Organic Rice Cultivation by SRI

 Agricultural activities in the field are carried out by both the man and woman in the household. Women perform activities such as seeding and weeding which require them to bend and work for long hours in the field. This caused considerable amount of drudgery for women who, aside from farming, also perform household activities on a daily basis.

The harsh conditions of women farmers evoked Mahila Arthik Vikas Mahamandal (MAVIM) – State’s Women Development Corporation of Government of Maharasthra – in Chandrapur district, Maharashtra to initiate reforms to address the drudgery of women. In Chandrapur, paddy cultivation is the main agricultural practice. It was decided on consultation with the Rice grower farmers, Department of Agriculture, Government of Maharashtra and Krishi Vigyan Kendra, Chandrapur that the new methodology for rice cultivation – System of Rice Intensification (SRI) – would be implemented.

The programme is initiated with small interaction meeting with 250 to 300 farmers in October 2010 on SRI. The response from the community was good and 715 women members covering 565 acre of land from 18 villages came forward to take up the initiative of organic cultivation of Rice under SRI method.

The project is being implemented in 6 blocks of Chandrapur district as Chandrapur, Pombhurna, Gondpipri, Brahmapuri, Chimur and Mul. At present 137 SHG are involved in the production activity covering 1280 women farmers. The area under cultivation is 1170 acres and the last year total production is 14040 quintals.Since the year of implementation till last year 3455 women farms were involved in production of Rice. The coverage in acre is 335 acres of land produced 38040 quintals of rice in four year period.

Impact change between traditional farming and SRI

 The production cost has reduced from INR 10, 000 -12,000 to INR 4,000-5,000. In the tradition method of paddy cultivation farmer used 30 to 50 Kg of seed but after introduction of SRI the rate of seed is drastically down to 3 kg. the cost also gone down from INR 1,500 to INR 2,500 to INR 150. After introducing SRI in the area the farmers are using organic fertilizer which leads to reduce in the cost on fertilizer from INR 3,000 to INR 1,000. Use of inorganic chemical insecticide is no more found in the plots where SRI is introduced which also leads to use of organic spray and the cost also reduces down from INR 2,000 to INR 200. For cultivation of Paddy and intercultural operation by traditional method was a lead to labour drudgery. After introduction of SRI 75% to 95% reduction is seen. In traditional method farmer use to get 9 to 11 quintals/ acre of production. After introduction of SRI the increase in production was observed upto 13 to 15 quintals.  The quality of production leads to increase the per kg selling price of rice from Rs. 17 to 20 per kg to Rs. 25 to 40 per kg.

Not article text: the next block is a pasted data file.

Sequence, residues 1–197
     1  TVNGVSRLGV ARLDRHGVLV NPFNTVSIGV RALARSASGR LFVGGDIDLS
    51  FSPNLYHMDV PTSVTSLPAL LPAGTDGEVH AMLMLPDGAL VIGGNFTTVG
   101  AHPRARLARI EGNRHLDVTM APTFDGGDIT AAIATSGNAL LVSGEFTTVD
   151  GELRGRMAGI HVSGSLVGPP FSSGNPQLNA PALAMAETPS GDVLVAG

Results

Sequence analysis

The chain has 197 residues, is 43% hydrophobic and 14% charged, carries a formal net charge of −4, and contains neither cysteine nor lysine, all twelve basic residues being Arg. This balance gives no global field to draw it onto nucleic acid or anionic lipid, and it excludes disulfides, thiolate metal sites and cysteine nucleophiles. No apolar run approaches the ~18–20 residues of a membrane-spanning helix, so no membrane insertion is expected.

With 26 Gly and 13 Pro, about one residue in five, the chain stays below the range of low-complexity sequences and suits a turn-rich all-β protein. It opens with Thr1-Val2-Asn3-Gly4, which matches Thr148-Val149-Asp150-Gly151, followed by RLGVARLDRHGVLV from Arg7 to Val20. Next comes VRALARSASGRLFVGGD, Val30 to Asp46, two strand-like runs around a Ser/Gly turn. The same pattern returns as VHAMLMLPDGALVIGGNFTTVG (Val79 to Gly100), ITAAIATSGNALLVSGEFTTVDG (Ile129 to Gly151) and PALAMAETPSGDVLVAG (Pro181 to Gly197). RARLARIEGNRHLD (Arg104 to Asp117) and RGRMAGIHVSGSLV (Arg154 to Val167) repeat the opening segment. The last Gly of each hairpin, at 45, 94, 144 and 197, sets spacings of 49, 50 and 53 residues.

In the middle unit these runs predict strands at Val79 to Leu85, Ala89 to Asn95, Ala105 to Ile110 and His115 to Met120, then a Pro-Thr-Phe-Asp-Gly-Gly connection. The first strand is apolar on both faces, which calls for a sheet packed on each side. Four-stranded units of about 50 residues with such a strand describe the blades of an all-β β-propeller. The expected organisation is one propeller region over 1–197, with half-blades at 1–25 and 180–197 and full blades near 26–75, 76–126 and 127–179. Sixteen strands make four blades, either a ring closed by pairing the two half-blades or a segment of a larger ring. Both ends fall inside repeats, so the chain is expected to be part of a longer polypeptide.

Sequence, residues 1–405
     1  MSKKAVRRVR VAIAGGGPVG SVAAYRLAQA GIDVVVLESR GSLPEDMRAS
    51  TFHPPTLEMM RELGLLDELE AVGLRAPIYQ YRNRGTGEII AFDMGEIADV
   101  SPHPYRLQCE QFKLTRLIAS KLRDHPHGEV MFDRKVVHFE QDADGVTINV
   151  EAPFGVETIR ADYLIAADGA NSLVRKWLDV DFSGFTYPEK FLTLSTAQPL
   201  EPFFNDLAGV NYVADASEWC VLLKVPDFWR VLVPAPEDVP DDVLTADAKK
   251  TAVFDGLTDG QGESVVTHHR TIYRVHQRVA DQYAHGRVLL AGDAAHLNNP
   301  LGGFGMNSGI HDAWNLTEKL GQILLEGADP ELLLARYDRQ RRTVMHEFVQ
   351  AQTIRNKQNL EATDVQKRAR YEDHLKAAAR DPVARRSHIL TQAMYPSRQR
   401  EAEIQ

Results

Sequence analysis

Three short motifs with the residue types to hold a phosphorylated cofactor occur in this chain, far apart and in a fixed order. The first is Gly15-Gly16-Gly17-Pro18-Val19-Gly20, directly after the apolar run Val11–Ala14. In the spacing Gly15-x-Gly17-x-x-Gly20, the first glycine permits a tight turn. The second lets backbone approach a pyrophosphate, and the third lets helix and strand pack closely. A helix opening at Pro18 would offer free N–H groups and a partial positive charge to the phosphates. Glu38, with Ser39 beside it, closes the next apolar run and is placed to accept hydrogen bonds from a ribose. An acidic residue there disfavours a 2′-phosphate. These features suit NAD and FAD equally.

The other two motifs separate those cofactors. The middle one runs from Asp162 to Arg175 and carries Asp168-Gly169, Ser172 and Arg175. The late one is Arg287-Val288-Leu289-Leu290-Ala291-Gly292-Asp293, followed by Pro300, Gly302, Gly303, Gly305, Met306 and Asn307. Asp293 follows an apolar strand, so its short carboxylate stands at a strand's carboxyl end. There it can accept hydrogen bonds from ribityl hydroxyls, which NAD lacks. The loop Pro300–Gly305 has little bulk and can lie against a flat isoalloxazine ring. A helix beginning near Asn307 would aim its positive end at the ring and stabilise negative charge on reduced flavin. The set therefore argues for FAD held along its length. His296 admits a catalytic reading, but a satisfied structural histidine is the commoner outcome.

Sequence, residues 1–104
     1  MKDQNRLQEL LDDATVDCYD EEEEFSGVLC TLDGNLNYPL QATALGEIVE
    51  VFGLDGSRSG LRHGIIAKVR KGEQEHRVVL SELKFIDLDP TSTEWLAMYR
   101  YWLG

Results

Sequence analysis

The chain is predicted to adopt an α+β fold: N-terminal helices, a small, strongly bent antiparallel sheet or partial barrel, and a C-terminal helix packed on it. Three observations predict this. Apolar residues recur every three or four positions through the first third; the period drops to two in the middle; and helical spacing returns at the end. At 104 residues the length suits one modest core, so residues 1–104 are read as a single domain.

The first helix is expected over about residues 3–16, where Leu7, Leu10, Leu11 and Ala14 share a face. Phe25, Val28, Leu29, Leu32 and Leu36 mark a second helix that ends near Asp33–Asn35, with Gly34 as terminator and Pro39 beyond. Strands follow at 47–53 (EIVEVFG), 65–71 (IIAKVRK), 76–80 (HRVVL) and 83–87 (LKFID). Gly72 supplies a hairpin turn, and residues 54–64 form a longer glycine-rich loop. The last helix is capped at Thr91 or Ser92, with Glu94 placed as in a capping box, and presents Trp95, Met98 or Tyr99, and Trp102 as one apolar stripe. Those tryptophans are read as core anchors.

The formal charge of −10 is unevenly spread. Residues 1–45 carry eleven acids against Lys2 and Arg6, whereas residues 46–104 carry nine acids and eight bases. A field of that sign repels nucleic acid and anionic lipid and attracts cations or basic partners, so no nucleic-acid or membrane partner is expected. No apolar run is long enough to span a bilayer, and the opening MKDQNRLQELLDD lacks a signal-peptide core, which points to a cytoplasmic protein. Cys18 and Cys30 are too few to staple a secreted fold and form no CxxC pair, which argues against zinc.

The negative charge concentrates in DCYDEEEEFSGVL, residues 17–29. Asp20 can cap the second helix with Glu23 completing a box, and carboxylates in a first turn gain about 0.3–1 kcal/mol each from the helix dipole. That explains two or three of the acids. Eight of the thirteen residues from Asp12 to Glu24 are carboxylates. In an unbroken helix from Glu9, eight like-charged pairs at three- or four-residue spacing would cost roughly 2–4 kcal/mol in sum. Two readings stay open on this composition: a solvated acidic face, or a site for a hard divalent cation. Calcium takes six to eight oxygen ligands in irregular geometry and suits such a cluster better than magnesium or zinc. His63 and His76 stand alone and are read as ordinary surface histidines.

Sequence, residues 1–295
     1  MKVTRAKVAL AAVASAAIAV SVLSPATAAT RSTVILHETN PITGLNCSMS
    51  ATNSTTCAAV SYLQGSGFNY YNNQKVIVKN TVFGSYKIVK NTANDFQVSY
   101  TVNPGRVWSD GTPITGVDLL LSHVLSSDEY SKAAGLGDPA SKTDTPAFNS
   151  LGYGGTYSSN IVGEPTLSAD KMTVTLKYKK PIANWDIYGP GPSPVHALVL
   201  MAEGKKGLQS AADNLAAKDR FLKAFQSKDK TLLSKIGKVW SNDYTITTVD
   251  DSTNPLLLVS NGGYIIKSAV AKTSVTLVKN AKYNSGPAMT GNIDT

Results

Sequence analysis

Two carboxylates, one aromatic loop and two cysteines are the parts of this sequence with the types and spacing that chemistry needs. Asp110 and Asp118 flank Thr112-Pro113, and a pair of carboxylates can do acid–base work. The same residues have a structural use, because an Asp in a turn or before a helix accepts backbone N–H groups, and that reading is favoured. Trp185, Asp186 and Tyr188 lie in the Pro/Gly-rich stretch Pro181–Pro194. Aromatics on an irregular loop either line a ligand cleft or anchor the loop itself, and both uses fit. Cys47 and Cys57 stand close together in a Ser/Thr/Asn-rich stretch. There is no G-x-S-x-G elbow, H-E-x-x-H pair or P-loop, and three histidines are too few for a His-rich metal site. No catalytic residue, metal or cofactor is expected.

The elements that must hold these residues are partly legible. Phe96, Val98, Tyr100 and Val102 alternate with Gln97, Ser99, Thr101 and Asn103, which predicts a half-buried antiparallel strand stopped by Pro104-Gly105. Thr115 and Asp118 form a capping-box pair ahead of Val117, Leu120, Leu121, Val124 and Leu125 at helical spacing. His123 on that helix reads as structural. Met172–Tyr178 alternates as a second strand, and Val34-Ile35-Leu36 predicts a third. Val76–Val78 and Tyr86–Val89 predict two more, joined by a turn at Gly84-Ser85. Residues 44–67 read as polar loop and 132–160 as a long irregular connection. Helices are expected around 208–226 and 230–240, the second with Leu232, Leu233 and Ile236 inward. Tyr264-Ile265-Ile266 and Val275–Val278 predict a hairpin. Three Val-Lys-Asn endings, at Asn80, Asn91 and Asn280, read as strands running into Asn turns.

Outcomes of the initiatives under different components


Women Empowerment

  • Reduced the drudgery of women in agricultural work, upto 75% in paddy cultivation and 95% in inter-cultivation
  • Increased women’s participation in decision-making matters of the household.
  • Reinforced faith in the capacity and potential of women-related government schemes in agriculture


Micro-Finance – Under the Microfinance

  • 700 women benefited from crop insurance
  • 86 SHGs received bank linkage services
  • Extended agricultural subsidies to beneficiaries


Livelihood and Microenterprise Development

  • Reduction in production expenses
  • Better quality of produce due to organic farming
  • Increased market rate of production
  • Promotion of cluster activities
  • Labeling, branding and marketing of products under new ‘Tejaswini’ brand of MAVIM

Key Challenges in Implementation

  • Resistance in shifting from traditional practice : Initially, the target was to cover 1,000 acres of cultivation but this came down to 565 acres. This was primarily because, at the transplantation stage, the beneficiaries, particularly the husbands, would object to the reduced use of seeds in the fear that it would result in lower yield. This led to the withdrawal of a number of participants but this perception was dispelled after they saw the higher productivity under SRI method.
  • Lack of faith in government projects : The community was of the mindset that government schemes are not very successful and will not have the desired results. They would say, “Nothing is going to happen. You are only trying to fulfill government targets by doing this”.  This was overcome by showing the results of the trial phase and through continuous IEC efforts.
  • Inter-departmental convergence : At the start of the project, convergence with the Department of Agriculture required considerable effort to break away from the status quo of imparting SRI training only to the male members of the community. However, this has come to pass and the Department of Agriculture, in addition to convergence activities, has started supporting and participating in the marketing exhibitions held by women SHGs.
  • Land ownership : Ground-level implementation of some agricultural schemes requires land to be in the name of beneficiary but land is often in the name of the man while the target beneficiaries in the project are women which led to difficulties in combining assets.
  • Marketing issues : Due to issues of pricing and lack of sufficient marketing channels, there has been an overall reduction in the production of rice. This is being addressed now by encouraging the creation of SHG federations for production and marketing.

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